As to what may be decided when a concrete case involving a specific standard provided by this ordinance is presented, we intimate no opinion. The petitioner has not challenged all--or for that matter any--of the ordinance's standards. Naturally we could not say that every one of the standards, including those which Illinois' highest court has found sufficient, is so vague on its face that the entire ordinance is void. At this time we say no more than this--that we are dealing only with motion pictures and, even as to them, only in the context of the broadside attack presented on this record.



I cannot agree either with the conclusion reached by the Court or with the reasons advanced for its support. To me, this case clearly presents the question of our approval of unlimited censorship of motion pictures before exhibition through a system of administrative licensing. Moreover, the decision presents a real danger of eventual censorship for every form of communication, be it newspapers, journals, books, magazines, television, radio or public speeches. The Court purports to leave these questions for another day, but I am aware of no constitutional principle which permits us to hold that the communication of ideas through one medium may be censored while other media are immune. Of course each medium presents its own peculiar problems, but they are not of the kind which would authorize the censorship of one form of communication and not others. I submit that in arriving at its decision the Court has interpreted our cases contrary to the intention at the time of their rendition and, in exalting the censor of motion pictures, has endangered the First and Fourteenth Amendment rights of all others engaged in the dissemination of ideas....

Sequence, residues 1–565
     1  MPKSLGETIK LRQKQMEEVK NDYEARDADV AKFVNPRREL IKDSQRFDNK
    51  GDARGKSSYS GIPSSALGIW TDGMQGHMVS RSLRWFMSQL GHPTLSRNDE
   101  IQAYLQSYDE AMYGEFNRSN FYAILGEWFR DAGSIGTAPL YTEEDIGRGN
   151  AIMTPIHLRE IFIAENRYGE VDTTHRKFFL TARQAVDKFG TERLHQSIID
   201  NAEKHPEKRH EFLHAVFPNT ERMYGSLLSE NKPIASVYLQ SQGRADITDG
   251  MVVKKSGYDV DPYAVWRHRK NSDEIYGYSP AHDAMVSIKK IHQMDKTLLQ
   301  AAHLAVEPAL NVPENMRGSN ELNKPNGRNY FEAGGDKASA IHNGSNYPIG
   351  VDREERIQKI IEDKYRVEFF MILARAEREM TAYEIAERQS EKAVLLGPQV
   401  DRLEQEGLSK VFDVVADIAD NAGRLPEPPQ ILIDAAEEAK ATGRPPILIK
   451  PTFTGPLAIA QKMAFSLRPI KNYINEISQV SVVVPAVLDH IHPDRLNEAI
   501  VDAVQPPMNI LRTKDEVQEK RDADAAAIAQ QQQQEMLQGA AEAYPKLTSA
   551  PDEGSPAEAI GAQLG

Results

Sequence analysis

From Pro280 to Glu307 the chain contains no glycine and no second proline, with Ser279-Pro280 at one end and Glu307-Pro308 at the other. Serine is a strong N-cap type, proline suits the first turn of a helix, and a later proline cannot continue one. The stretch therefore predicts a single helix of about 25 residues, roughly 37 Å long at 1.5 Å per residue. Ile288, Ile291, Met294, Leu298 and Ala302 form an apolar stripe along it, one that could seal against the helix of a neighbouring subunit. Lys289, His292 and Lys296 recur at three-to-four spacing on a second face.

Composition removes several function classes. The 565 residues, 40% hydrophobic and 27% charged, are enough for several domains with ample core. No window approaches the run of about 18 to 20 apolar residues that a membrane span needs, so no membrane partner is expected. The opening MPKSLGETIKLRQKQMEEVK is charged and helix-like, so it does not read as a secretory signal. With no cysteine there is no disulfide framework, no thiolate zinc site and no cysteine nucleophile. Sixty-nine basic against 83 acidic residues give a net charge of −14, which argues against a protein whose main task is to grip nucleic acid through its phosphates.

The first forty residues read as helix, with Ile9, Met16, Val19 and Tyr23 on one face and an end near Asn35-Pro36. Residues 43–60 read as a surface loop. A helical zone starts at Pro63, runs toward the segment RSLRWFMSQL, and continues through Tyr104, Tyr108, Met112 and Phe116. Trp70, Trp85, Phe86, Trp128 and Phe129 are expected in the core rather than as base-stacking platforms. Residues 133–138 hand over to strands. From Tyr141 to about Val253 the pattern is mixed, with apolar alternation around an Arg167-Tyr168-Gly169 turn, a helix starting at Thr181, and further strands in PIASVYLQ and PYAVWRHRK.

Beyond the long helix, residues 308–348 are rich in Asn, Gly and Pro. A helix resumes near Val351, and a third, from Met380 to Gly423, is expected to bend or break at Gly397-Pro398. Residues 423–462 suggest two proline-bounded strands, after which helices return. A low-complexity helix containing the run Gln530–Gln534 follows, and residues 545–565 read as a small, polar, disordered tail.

The vice of censorship through licensing and, more generally, the particular evil of previous restraint on the right of free speech have many times been recognized when this Court has carefully distinguished between laws establishing sundry systems of previous restraint on the right of free speech and penal laws imposing subsequent punishment on utterances and activities not within the ambit of the First Amendment's protection. See Near v. Minnesota; Cantwell v. Connecticut....

Let it be completely clear what the Court's decision does. It gives official license to the censor, approving a grant of power to city officials to prevent the showing of any moving picture these officials deem unworthy of a license. It thus gives formal sanction to censorship in its purest and most far-reaching form, to a classical plan of licensing that, in our country, most closely approaches the English licensing laws of the seventeenth century which were commonly used to suppress dissent in the mother country and in the colonies.... The Court treats motion pictures, food for the mind, held to be within the shield of the First Amendment, ... little differently than it would treat edibles....